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With more than 2,500 Atrium C-Qur hernia mesh lawsuits pending in the federal court system, the U.S. District Judge presiding over the litigation has rescheduled the first bellwether trial to begin on July 7, 2021, by which time the parties indicate they are hopeful the case will proceed before a jury “in-person.”
A claim filed by Carrie Barron was previously selected as the first in a series of “bellwether” trial, which was designed to help gauge how juries are likely to respond to certain evidence and testimony that will be repeated throughout the claims over complications associated with the Atrium C-Qur hernia mesh, which featured a unique polypropylene patch design with an Omega-3 fatty acid (O3FA) gel coating, which plaintiffs allege was defective and unreasonably dangerous.
Given similar questions of fact and law raised in complaints filed throughout the federal court system, the Atrium C-Qur litigation has been centralized in the U.S. District Court for the District of New Hampshire since December 2016, where Judge Landya McCafferty has been presiding over coordinate discovery and pretrial proceedings.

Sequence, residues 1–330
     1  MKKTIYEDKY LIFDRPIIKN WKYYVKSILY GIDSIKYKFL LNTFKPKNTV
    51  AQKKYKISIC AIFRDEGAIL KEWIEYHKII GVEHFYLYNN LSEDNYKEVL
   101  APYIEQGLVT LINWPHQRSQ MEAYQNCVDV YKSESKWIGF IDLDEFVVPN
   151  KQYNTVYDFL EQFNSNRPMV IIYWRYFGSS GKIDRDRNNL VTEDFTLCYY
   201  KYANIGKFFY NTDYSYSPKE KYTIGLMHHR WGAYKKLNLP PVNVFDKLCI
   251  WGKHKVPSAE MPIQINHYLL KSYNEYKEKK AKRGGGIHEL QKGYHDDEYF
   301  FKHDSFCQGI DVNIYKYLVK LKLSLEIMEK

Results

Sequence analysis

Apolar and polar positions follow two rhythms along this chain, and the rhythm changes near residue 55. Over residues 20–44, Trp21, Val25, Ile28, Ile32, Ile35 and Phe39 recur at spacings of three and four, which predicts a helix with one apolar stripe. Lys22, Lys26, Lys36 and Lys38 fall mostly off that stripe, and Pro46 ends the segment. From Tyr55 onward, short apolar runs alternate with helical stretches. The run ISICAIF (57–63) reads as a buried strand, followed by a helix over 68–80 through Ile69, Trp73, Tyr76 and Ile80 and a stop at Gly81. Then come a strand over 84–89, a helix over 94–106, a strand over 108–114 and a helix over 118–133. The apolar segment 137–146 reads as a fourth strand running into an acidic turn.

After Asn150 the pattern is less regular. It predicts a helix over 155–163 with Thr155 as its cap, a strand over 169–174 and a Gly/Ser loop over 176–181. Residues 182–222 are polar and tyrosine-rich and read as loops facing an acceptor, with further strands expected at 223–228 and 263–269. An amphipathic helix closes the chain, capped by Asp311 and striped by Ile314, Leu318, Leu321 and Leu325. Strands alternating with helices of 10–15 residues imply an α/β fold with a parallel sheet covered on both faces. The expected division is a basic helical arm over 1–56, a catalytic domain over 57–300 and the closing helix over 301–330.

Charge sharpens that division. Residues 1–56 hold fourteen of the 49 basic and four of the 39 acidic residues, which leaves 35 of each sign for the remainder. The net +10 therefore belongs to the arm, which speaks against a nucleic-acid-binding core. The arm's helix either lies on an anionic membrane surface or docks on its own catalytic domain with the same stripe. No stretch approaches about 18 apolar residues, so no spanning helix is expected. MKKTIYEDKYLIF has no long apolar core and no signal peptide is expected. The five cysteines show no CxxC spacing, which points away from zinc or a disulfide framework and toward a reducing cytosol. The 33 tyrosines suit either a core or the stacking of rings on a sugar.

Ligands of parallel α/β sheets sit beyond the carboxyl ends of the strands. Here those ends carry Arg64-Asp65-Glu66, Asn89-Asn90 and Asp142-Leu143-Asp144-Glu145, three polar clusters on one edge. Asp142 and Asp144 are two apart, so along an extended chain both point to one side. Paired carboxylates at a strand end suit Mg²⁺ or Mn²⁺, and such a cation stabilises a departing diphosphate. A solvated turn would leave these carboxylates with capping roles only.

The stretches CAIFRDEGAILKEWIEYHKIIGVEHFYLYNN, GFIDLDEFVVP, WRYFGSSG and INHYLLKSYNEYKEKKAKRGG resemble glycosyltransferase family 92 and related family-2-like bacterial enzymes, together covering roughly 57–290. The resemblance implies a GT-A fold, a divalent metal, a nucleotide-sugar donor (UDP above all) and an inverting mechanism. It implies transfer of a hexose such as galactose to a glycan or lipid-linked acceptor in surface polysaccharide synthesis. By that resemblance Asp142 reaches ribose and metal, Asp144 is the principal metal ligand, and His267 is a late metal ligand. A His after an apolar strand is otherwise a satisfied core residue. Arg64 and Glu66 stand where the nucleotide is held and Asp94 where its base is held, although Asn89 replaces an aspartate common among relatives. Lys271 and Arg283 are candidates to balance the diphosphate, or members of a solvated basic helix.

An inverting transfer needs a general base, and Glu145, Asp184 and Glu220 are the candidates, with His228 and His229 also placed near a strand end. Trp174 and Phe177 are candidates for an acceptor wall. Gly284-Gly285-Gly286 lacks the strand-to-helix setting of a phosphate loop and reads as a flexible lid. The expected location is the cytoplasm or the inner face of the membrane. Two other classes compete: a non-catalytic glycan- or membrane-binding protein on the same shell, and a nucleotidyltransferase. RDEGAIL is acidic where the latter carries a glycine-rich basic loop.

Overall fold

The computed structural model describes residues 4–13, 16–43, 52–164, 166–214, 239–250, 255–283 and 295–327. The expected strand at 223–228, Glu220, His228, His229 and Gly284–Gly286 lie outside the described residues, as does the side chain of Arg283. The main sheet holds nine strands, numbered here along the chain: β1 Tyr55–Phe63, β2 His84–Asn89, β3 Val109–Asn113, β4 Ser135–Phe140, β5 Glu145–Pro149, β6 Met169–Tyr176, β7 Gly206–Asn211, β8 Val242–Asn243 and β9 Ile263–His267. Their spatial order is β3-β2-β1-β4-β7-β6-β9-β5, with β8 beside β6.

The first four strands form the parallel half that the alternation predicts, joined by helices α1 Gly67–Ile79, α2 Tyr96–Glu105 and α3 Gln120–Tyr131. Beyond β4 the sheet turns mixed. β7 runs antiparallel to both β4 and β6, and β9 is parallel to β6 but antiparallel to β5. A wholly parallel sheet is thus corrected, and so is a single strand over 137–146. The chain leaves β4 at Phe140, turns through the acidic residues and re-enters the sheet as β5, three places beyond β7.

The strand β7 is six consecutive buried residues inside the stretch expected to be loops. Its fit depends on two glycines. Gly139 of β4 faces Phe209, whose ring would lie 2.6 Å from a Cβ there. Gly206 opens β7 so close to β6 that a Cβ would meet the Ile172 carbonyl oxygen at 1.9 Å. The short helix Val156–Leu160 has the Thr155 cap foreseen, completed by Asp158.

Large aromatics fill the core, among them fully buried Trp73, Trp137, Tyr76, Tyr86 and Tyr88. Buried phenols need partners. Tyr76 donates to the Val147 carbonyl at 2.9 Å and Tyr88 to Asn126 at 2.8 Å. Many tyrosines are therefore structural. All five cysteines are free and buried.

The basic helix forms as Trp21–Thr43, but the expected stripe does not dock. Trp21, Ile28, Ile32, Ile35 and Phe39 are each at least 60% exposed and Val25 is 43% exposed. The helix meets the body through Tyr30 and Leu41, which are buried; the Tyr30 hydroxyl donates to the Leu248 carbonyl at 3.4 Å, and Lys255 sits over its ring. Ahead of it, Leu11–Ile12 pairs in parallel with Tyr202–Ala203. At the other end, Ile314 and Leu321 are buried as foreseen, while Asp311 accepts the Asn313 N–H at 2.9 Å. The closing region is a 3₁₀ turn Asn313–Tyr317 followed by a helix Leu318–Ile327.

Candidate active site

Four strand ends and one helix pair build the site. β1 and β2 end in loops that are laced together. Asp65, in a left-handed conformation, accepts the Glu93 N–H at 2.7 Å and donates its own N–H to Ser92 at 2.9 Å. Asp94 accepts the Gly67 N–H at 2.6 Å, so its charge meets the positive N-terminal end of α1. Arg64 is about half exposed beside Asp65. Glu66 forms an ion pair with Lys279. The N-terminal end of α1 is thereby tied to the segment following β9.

The first in a series of “bellwether” trials was previously scheduled to begin in May 2020, but has been delayed several times due to the on-going COVID-19 pandemic. Most recently, the Court was expected to hold a virtual jury trial over Zoom or other video-conference technology starting in January 2021, but the Court announced weeks earlier that the trial date was continued and would be rescheduled on a future date.
In advance of a status conference which was to be held today, the parties submitted a joint agenda (PDF) late last week, proposing that the Barron trial begin on July 6, 2021, indicating that they are “optimistic” that the trial will proceed in-person. However, the parties stated that they will revisit the logistics of a remote trial if it becomes necessary.
In a text-only order issued on February 10, Judge McCafferty adopted the proposed new trial date and cancelled the planned status conference, indicating it was no longer necessary at this time, since issues outlined on the agenda had been resolved.
While the outcome of the Barron trial and other “bellwether” trials likely to be scheduled in the future will not be binding on other plaintiffs involved in the litigation, they will be closely watched by parties and may have a substantial impact on hernia mesh settlements that may be negotiated to avoid the need for hundreds of individual cases to be remanded for trials nationwide in the coming years.
In addition to litigation over Atrium C-Qur patches, similar hernia mesh lawsuits are also being pursued over design defects associated with polyproylene products sold by other companies in recent years, including Bard, Ethicon, Covidien and others.